News from the gardens for October - November 2015






With Autumnal winds brewing and leaves falling around we’re turning the corner into the 
colder months. Time to wrap up and find some wholesome jobs to do to keep us warm.
With the majority of the vegetable plot produce cropped, stored or used, we are left with
some of our staple Winter crops to keep us going over the colder months. Root vegetables,
cabbages and Winter salads grown in the (slightly) warmer polytunnel adds interest in an
otherwise quieter period on the plot. The broad beans have also been sown, ready for an
early start in the Spring. A thick muck mulch will also be applied to the plot soon to break
down naturally over the coming months.
The apple and pear crop this year has been great and has far outshone last year. The early
winds have created quite a lot of windfalls on the ground and keen not to waste an
opportunity, we have been juicing batches of apples ready for our orchard blend of apple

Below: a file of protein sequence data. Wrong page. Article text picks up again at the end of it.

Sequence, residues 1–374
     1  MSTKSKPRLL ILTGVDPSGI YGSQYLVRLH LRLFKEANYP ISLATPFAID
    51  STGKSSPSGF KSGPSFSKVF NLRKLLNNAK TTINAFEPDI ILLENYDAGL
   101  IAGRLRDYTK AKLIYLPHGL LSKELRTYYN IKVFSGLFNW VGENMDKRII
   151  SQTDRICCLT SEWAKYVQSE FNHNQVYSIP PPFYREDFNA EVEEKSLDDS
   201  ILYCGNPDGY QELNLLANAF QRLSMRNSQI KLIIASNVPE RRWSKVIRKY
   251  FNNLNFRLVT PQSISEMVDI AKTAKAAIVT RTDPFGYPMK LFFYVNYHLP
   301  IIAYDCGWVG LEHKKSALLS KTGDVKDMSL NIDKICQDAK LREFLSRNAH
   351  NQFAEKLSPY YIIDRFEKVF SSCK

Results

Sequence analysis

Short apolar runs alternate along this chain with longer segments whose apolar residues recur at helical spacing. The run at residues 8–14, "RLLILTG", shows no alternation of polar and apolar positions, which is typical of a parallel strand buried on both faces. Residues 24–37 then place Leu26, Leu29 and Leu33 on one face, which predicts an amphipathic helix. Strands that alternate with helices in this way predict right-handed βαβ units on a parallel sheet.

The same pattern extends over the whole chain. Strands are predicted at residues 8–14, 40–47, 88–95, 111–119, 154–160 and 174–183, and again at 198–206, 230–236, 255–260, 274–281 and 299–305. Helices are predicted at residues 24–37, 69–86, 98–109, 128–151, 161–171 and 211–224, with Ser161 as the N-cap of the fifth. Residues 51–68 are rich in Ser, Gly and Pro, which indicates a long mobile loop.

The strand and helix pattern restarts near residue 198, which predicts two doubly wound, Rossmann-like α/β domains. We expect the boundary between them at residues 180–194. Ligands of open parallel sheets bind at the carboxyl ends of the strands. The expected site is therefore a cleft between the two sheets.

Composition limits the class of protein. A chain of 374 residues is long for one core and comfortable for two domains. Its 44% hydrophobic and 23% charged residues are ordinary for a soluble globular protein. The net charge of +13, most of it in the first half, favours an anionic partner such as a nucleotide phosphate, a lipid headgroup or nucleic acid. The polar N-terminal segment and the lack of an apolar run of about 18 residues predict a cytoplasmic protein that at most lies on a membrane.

juice and medium and dry ciders. Any apples that have been steadfast in the trees are being
handpicked and eaten straight away or stored in the abbey, being careful that none have
blemishes that will encourage them to rot. Some apples have been stewed and married with
our hedgerow blackberries for the perfect pudding combination.
This year also provided a bumper crop of berry fruits. Our cloister mulberry was groaning
under the weight of fruit as were the newly planted fruits trained along the walled garden
In the borders we have been removing tired and spent perennial stems to tidy their general
appearance, also, now is the time to divide herbaceous perennials. High on the list is
removing fallen leaves to reduce the risk of smothering plants and also the lawn. Although it
seems like a thankless task, it is always worth removing the leaves regularly to prevent bare
patches appearing under compacted leaves on the lawn.
In preparation for further winter winds, attention is now given to vulnerable shrubs and trees
by pruning where appropriate (to reduce ‘wind rock’) and checking stakes and ties around
our precious new plantings.